Many of those first Ricardians, like today’s lot, were turned on to Richard not by history books, but by pulp: Josephine Tey’s popular novel The Daughter of Time. Its protagonist is a convalescing Scotland Yard inspector who becomes suspicious of the official story of Richard III and, with that same National Portrait Gallery painting propped up on his bedside table, sets about uncovering the truth. Months into the search, he and his earnest American researcher come across a damning piece of evidence, putting him in dire need of “a good stiff drink.” Forty million school books couldn’t possibly be wrong, could they? “I used to think so,” the American replies, “but I’m not so sure nowadays.”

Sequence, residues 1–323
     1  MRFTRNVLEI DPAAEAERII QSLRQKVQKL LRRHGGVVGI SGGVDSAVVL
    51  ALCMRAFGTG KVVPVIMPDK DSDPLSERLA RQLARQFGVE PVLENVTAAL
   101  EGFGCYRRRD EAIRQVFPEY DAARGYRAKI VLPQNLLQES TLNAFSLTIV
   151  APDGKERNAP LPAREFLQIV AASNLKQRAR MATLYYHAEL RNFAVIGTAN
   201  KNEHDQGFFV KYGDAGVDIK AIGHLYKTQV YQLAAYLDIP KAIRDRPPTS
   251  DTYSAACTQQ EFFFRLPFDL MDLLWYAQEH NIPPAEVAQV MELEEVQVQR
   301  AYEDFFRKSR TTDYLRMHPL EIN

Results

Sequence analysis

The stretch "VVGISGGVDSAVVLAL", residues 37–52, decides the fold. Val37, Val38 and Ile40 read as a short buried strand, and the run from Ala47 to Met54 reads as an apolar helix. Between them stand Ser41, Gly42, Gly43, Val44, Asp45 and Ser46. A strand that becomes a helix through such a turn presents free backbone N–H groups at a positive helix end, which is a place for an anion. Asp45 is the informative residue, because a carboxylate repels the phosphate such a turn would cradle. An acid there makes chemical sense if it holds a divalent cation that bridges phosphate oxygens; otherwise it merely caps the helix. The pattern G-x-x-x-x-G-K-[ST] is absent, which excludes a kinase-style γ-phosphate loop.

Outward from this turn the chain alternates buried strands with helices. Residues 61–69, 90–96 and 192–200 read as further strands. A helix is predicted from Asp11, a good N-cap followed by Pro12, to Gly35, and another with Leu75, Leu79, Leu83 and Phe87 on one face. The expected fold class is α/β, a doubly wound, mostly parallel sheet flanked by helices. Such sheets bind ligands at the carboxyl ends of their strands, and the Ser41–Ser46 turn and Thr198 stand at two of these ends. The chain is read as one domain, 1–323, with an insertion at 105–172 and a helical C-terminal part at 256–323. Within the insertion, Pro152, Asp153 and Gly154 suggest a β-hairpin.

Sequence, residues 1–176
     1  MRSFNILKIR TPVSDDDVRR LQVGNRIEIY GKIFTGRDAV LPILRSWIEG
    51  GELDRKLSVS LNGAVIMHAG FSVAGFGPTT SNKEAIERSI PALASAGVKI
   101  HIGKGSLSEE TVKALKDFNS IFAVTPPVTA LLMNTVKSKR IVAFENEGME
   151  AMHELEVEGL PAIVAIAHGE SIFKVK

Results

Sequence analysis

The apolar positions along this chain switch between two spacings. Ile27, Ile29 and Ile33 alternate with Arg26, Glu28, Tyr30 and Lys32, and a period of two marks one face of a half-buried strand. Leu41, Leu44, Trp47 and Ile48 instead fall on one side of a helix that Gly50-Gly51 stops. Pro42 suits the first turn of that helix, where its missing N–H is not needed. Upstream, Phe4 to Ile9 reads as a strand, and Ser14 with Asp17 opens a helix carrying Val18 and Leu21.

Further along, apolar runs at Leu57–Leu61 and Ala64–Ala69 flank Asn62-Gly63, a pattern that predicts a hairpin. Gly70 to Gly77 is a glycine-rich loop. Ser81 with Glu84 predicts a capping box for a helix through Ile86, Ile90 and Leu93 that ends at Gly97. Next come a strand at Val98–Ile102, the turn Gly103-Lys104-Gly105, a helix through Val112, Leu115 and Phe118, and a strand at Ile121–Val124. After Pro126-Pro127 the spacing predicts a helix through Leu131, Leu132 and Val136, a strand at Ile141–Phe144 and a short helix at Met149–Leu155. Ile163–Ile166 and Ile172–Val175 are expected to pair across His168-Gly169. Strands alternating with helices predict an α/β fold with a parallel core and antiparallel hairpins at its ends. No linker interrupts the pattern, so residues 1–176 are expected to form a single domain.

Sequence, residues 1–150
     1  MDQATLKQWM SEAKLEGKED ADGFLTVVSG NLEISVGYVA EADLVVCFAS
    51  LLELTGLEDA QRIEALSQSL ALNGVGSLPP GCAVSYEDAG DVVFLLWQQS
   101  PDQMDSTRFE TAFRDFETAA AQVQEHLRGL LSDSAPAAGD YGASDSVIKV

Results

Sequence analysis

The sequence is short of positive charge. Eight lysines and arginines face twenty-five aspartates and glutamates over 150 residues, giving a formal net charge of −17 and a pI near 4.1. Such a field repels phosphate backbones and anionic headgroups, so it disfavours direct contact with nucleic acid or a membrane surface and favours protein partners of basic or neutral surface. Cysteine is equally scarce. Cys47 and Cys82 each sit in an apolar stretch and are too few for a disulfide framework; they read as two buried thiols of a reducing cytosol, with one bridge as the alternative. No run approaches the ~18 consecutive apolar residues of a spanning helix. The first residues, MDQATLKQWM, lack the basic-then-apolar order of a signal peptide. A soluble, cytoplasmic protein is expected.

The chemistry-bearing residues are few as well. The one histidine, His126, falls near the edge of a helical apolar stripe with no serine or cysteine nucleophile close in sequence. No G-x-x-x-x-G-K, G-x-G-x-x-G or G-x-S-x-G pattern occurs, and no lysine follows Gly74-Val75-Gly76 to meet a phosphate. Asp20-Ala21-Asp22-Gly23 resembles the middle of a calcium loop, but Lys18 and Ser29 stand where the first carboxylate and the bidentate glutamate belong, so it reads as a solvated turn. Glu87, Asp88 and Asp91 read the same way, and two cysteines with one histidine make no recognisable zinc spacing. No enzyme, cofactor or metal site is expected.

One can imagine a smooth-cheeked Marnoch or a bushy-tailed Carelse reading by flashlight under the covers, sometime after the book was published in 1951. The world was just beginning to reckon with the brutality of the Holocaust. Old truths could no longer be taken for granted; everything was up for re-evaluation, including history, apparently. Tey doesn’t spare its agents either. Historians “have no talent for the likeliness of any situation,” says her inspector. “They see history like a peep show; with two-dimensional figures against a distant background.” The amateurs eventually conclude that Henry Tudor killed the princes, and tentatively title the book that will set the record straight History Is the Bunk.